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  5. "Il cuoco ha un maiale."

"Il cuoco ha un maiale."

Translation:The cook has a pig.

May 29, 2013

25 Comments


https://www.duolingo.com/profile/Maluferrari

what is the difference between pig and pork?


https://www.duolingo.com/profile/Bistekabla

As far as I know, pig is the animal while the pork is the meat we buy and eat :-)


https://www.duolingo.com/profile/Maluferrari

I meant in French, which is the word for pig then :)


https://www.duolingo.com/profile/f.formica
Mod
  • 2544

Italian* :P Maiale is used to refer to both the animal and its meat, porco actually mostly refers to the animal, but it's considered vulgar in its base form; I believe French is closer to the English usage with cochon for pig and porc for pork.


https://www.duolingo.com/profile/Maluferrari

Ithank you very much, I meant to say Italian sorry. I remember my granma saying "porca miseria!" all the time :) or referring to someone with bad manners as porco too I didnt know it was vulgar tho. So when my answer was "the cook has a pork" probably is wrong because in this case would be "has pork" when referring to the meat. No article in that case?


https://www.duolingo.com/profile/f.formica
Mod
  • 2544

"Porca miseria" is a very mild exclamation, but since the poor pig is included in so much swearing, cussing and insulting exclamations it started feeling like a bad word itself. Most farmers I've heard don't care about that and call it with its proper name (maiale was originally a castrated pig).

Yeah, pork being meat is an uncountable noun, so you can't use the indefinite article; in Italian you could use the partitive article instead (il cuoco ha del maiale).


https://www.duolingo.com/profile/Lautaro-

I don't buy it.


https://www.duolingo.com/profile/susanstory

I learned on Memrise that "carne di maiale" is "pork" in Italian. In French "cochon" means "pig". At a place where I used to work, the boss and his wife were French. She was originally from France and he was from Quebec. One day she said something to him in French and then asked me if I understood what she said to him. I replied, "Something about pig" because the only word I understood was "cochon". Then she replied, "I called him a pig."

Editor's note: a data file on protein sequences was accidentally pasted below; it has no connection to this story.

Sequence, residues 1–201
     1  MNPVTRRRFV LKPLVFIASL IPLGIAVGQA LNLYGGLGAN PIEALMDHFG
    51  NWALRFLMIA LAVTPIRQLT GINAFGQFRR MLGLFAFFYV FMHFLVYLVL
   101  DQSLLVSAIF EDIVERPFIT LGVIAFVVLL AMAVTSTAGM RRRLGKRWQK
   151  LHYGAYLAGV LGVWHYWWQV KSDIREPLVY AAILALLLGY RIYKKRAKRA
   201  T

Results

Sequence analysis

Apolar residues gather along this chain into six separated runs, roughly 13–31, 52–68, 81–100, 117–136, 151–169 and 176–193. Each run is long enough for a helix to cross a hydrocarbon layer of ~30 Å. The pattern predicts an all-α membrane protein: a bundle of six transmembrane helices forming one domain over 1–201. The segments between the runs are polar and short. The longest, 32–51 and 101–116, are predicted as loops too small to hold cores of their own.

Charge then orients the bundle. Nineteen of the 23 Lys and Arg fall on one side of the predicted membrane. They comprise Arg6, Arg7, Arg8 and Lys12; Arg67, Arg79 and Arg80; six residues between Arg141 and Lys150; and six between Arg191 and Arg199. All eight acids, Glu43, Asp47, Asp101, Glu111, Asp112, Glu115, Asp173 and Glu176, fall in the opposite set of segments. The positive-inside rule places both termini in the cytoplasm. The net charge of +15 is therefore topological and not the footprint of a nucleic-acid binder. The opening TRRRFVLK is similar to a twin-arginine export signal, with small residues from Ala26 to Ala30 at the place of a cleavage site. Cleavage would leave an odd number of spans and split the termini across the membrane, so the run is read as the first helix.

https://www.duolingo.com/profile/aquilesbebe

in other question pork is the same as pig. What happen?


https://www.duolingo.com/profile/yermishkina

why "the cook has a pork" is a wrong answer?


https://www.duolingo.com/profile/lorenagay

"Maiale" means "pig", not "pork". Pork is the meat from a pig, like steaks or beef are the meat of the cow. If we wanted to say "The cook has a cow" , it would be "Il cuoco ha una mucca", not "Il cuoco ha una carne", since that would mean "The cook has a meat".


https://www.duolingo.com/profile/yermishkina

Many of my textbooks say that "maiale" is also pork.


https://www.duolingo.com/profile/lorenagay

I know, I know. And I sympathise. But if you are translating from Italian into English, believe me, saying "The cook has A pork" is incorrect. It doesn't mean the same thing. "Maiale" does mean both "pig" and "pork", but "pig" is the actual animal (of which you may have one or more), and "pork" is the meat of the pig. You may have "some pork", "lots of pork" or "no pork". But you cannot have A pork. Not in English, anyway.


https://www.duolingo.com/profile/clnoy

What @lorenagay is trying to say is that "pork", as a uncountable noun in english, you cannot use the article A.

"The cook has pork" or "The cook has some pork" are both correct.


https://www.duolingo.com/profile/yermishkina

In Italian it may be different and we don't have any information about this.

There are many sentences in this course which are ungrammatical by the norms of English language.


https://www.duolingo.com/profile/yermishkina

I actually think you both are right, it can't be used with indefinite article when it means "pork".

But the sentence is still misleading for me


https://www.duolingo.com/profile/yermishkina

It is also in the dictionaries


https://www.duolingo.com/profile/yermishkina

See also this recipe:

http://ricette.donnamoderna.com/maiale-alle-mandorle-e-vino-cotto

It is called "Maiale alle mandorle e vino cotto"


https://www.duolingo.com/profile/David_Bundy

Is "the cook has pork" a possible answer? If not, how would you say this in Italian?


https://www.duolingo.com/profile/lorenagay

Due to the presence of the article "a", it isn't possible to translate the sentence without it, without changing the meaning. "Il cuoco ha maiale".


https://www.duolingo.com/profile/Rafon2013

pig is the animal, and pork is the meat


https://www.duolingo.com/profile/chicofranchico

What is the correct pronunciation for "ha"? With an "æ" sound as in "cat" or a "a:" as in "father"? It almost seems as she speaks "è"


https://www.duolingo.com/profile/Muttley_

Forget the pronunciation of "ha" in this sentence (Duolingo should really do something about it). In "ha", the h is soundless (ie it is not pronounced at all) and the a is the one in "father" ("a:" as you correctly pointed out)


https://www.duolingo.com/profile/MissBeaAtkins

does it make sense to say the cook has a pig? so many of these sentences are not making sense.


https://www.duolingo.com/profile/Lautaro-

But, the animal is not a food... We could say that the chef has a dog, and is not food either.

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